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Known as cyanotypes, these blue prints feel like magic to make.
Years ago in college, I learned how to make light drawings, or "sun prints" as they are commonly called, using an alchemistic process that uses light sensitive chemicals combined with sunlight to render an image on paper. This simple process was one of the earliest photographic processes, relying on just the basic principles of photography without using a camera—in fact, this process eventually led to the invention of the camera.
Some of you may be familiar with photograms and the process here is the same. These photographic prints can be made in shades of blue, sepia, or black, but today I'm going to talk about how to make the blue ones, called cyanotpyes.
What you'll need:
A low-light area (like your home at night; instructions for setting one up during the day, below)
Gloves and an apron, optional
Light-sensitive cyanotype solution (I prefer to order it in two parts that you mix together in equal parts, but you can also find it pre-mixed.)
An opaque bowl or bucket, for mixing solution
Thick watercolor paper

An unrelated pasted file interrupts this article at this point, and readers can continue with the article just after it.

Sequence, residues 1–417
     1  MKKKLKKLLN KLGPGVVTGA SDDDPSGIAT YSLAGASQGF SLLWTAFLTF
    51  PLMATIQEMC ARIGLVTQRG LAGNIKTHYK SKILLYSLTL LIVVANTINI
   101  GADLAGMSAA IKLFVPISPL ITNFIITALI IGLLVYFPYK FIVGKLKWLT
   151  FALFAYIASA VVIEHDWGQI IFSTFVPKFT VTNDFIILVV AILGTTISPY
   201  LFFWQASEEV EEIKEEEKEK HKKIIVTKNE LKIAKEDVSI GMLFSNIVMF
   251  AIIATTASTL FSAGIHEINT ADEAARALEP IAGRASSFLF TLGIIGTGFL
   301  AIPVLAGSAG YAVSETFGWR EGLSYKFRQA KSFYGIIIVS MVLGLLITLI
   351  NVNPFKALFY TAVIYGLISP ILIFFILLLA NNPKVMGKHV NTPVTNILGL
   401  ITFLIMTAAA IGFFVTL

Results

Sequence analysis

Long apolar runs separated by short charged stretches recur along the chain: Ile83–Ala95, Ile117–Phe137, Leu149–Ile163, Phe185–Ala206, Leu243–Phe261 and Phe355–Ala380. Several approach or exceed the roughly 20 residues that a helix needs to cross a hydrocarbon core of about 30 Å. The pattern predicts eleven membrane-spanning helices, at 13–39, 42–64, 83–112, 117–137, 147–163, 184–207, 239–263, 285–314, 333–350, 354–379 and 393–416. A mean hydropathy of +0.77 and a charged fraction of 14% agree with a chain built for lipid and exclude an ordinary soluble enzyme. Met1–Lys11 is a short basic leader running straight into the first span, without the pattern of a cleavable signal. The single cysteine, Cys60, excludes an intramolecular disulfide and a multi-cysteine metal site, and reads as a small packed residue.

A wide, cheap paintbrush, for painting the solution on the paper
A heavy black trash bag, for storing coated papers
Leaves, flowers, or scraps of lace (any object you want to print in silhouette!)
A piece of glass, like one from a picture frame, for holding down the objects (optional)
Tray or baking sheet
A sunny day
How to make your own cyanotypes:
1. Set up a low-light room in your house.
I do this process in a darkroom, but you may do it in any space you have available that has no UV light (sunlight or light bulbs) present.
An interior room without windows, like a bathroom or a basement, would work well. You can place a few small candles in the room to shed just enough light to see what you're doing—though I mix the solution and paint it onto the paper in complete darkness when necessary. It is kind of a fun experience!
2. Mix the solution.
There are readily available kits for making cyanotypes (called sun-print kits), as well as easy-to-brush-on light sensitive emulsions like Lumi’s inkodye, but I prefer mixing my chemicals from scratch. To do so, order cyanotype emulsion from a photo-supply store, which often comes in two parts that you mix together.
When you're ready, take your solution supplies and an opaque bucket into the low-light room and mix them according to the instructions on the bottle (you might read the instructions before you go into the dark). The solution will last a few months sealed up in the opaque container and stored in a dark place, so you can wait for a sunny day to come along.
One thing to note: These are chemicals, so be careful and wear gloves. The pigment will stain clothing, so it is also wise to wear a smock or apron.
3. Coat your paper.
In the low-light room, paint one side of each piece of paper with the chemical solution, taking care to ensure it's well-coated, and allow the paper to dry overnight. (I would dedicate an inexpensive craft brush to this process and not use it for anything else.)